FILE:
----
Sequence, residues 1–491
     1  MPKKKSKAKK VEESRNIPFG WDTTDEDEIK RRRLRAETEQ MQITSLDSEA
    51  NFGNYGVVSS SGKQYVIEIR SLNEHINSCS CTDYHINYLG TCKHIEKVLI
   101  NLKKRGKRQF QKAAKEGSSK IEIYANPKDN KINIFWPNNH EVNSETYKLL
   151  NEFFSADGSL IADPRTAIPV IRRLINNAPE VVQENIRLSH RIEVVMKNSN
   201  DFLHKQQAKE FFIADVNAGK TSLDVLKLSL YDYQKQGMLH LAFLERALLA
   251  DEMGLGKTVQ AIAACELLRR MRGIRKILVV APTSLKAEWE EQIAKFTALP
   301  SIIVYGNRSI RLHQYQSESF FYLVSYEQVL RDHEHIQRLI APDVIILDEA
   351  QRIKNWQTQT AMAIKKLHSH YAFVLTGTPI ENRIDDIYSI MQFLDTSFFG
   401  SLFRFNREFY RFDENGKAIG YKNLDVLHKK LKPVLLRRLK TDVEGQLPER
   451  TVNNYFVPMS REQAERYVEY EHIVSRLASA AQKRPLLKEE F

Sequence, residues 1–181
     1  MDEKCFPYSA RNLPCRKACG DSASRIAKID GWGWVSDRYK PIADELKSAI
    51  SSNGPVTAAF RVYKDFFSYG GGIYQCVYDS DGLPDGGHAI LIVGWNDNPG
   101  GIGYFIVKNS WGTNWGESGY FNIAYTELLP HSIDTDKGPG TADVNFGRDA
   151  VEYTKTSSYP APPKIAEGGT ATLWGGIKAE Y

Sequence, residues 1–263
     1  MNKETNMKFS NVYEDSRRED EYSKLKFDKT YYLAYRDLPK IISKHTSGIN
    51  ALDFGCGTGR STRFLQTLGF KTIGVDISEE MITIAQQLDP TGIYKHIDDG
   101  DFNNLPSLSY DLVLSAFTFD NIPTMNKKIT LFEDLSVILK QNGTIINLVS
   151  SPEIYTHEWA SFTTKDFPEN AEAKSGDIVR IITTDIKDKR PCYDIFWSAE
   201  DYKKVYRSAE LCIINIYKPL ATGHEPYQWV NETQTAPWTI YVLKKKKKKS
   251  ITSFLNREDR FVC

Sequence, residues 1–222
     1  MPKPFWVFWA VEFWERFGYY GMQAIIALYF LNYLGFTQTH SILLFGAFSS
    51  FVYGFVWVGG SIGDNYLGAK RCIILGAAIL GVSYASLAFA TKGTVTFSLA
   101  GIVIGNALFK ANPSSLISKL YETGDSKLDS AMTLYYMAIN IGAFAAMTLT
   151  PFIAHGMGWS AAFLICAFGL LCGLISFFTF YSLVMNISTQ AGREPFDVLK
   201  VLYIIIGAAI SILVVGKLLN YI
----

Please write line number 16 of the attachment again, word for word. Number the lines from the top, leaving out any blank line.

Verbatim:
   151  VEYTKTSSYP APPKIAEGGT ATLWGGIKAE Y